Islas Alhucemas

Peñón de Alhucemas, together with the islets of Isla de Mar and Isla de Tierra slightly to the west, form the Alhucemas Islands. They are located 300 metres (984 feet) off the Moroccan town of Al Hoceima, or Alhucemas (former Villa Sanjurjo), 146 km (91 miles) east of Ceuta and 84 km (52 miles) west of Melilla. The aggregate land area of the group of three islands is 4.6 ha or 0.046 square kilometres (0.018 sq mi).

Peñón de Alhucemas

Peñón de Alhucemas (Lavender Rock) is a tiny rock island, measuring 220 m (722 ft) east-west and up to 84 m (276 ft) north-south, with an area 1.5 ha or 0.015 km2 (0.006 sq mi), and a height of 27 m (89 ft). The rock is entirely occupied by a fort, several houses, and a church. It is one of several peñones, or rock-fortresses, off the coast of Northern Africa.

Isla de Mar

Isla de Mar is a flat, 4 m (13 ft) high islet, with its western end 93 m (305 ft) north of Isla de Tierra, 245 m (804 ft) long east–west, up to 70 m (230 ft) wide, yielding an area of 1.4 ha or 0.014 km2 (0.005 sq mi).

Isla de Tierra

Isla de Tierra is a steep, 11 m (36 ft) high rocky platform, 114 m (374 ft) north of the Moroccan beach, 192 m (630 ft) long northeast–southwest, and up to 87 m (285 ft) wide, yielding an area of 1.7 ha or 0.017 km2 (0.007 sq mi).



Spanish rule dates back to 1559, when the Saadis ceded several territories to Spain in exchange for Spanish help against Ottoman armies. In 1673, Spain sent a garrison to the island of Peñón de Alhucemas, and has permanently occupied it since then. The islands are also located near the landing place the Spanish and French expeditionary forces used in 1925 during the Rif War.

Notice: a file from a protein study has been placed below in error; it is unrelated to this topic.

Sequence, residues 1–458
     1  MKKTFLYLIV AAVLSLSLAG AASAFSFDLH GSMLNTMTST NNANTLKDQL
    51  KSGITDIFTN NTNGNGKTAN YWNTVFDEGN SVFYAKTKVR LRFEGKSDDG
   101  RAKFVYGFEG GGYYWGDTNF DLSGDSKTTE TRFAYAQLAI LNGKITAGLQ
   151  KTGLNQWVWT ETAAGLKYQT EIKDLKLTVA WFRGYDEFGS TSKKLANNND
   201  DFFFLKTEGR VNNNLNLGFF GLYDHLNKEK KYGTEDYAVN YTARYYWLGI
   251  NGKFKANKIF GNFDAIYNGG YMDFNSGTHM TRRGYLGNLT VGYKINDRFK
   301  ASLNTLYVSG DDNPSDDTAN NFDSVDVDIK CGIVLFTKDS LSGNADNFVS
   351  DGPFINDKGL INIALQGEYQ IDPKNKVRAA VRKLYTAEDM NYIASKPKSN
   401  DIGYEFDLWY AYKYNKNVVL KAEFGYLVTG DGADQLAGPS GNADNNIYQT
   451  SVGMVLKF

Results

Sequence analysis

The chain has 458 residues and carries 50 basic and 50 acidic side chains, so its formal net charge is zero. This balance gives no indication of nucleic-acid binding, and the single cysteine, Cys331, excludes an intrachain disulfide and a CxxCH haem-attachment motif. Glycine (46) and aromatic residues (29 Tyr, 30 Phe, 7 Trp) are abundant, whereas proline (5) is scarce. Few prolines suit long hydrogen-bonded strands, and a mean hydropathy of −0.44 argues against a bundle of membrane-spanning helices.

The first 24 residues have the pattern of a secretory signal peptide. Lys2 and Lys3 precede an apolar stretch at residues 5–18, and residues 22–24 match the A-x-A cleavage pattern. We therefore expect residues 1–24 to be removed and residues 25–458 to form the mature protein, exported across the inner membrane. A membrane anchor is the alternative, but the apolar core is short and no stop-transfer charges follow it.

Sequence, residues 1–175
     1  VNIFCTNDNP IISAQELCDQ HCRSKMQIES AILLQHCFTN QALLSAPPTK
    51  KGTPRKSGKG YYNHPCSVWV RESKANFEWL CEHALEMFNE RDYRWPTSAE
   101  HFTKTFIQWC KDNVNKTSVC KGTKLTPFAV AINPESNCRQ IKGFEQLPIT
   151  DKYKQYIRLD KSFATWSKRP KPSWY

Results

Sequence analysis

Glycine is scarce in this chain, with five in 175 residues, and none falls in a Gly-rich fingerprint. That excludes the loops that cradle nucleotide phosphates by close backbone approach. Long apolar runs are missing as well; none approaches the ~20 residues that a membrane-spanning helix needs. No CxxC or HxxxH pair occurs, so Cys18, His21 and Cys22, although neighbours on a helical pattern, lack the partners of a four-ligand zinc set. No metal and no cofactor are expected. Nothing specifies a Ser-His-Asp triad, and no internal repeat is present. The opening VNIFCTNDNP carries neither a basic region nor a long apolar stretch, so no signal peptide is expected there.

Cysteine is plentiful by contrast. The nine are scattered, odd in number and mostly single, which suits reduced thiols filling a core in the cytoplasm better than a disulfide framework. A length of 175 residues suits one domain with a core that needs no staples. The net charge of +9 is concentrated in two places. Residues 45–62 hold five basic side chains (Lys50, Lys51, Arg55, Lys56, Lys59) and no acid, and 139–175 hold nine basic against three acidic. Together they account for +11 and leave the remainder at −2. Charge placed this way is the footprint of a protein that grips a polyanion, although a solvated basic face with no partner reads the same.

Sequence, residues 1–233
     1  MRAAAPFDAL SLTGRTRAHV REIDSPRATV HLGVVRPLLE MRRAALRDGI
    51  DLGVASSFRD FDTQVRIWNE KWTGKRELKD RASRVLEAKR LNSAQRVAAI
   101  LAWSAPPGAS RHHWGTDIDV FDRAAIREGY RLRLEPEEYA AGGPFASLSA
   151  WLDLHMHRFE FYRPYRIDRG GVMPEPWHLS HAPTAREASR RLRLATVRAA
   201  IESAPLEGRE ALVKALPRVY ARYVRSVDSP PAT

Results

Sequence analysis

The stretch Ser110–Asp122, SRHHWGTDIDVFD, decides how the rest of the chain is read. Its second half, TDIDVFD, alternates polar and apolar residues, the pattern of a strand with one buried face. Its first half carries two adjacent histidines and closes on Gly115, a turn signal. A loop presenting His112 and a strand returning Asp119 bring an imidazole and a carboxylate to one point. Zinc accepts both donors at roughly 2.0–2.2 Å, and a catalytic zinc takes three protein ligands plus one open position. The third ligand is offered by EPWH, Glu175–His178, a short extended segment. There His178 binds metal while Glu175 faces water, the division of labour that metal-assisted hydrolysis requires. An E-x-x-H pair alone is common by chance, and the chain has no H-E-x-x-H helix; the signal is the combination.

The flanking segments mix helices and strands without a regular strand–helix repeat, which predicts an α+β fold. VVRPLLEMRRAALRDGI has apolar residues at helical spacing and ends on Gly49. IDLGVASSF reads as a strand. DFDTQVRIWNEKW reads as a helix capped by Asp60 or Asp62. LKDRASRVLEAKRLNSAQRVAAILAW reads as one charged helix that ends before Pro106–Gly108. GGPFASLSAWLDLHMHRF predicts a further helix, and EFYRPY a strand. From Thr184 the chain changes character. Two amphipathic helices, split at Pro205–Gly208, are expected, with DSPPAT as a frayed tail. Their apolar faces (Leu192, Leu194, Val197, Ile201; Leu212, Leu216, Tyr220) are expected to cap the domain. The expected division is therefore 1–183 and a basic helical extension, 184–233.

Morocco has contested Spanish sovereignty over the islets since Morocco received its independence in 1956.

In 2012 the Spanish military garrison in the fort on Peñón de Alhucemas comprised an infantry section of 25–30 men from the 32nd Mixed Artillery Regiment, plus personnel from the marine services with an inflatable boat for reaching supply vessels.[1] On 29 August 2012, 19 sub-Saharan immigrants traversed the short expanse of water between Morocco and the Isla de Tierra.
These individuals camped on the island, hoping to somehow gain access into the Spanish mainland. They were shortly joined by an additional 68 immigrants on 2 September 2012.

Alhucemas Aerial

Refugees and illegal immigration from sub-Saharan nations has been a problem that Spain, and the European Union as a whole, has been trying to solve.

Since the islets had an “undefined internal status”, the immigrants did not benefit from the Spanish immigration laws and, under a joint operation, Spanish troops tended to the women, children, and medical needs of the immigrants, then turned them back over to Morocco.
Moroccan forces promptly deported the individuals across the Algerian border. The Spanish Army has since stationed a small camp on the Isla de Tierra to discourage new attempts to illegally cross into Spanish territory. The handling and deportation of these individuals have been criticized by the Ombudsman of the Spanish Parliament, the Defensor del Pueblo, and by various NGOs and organizations.

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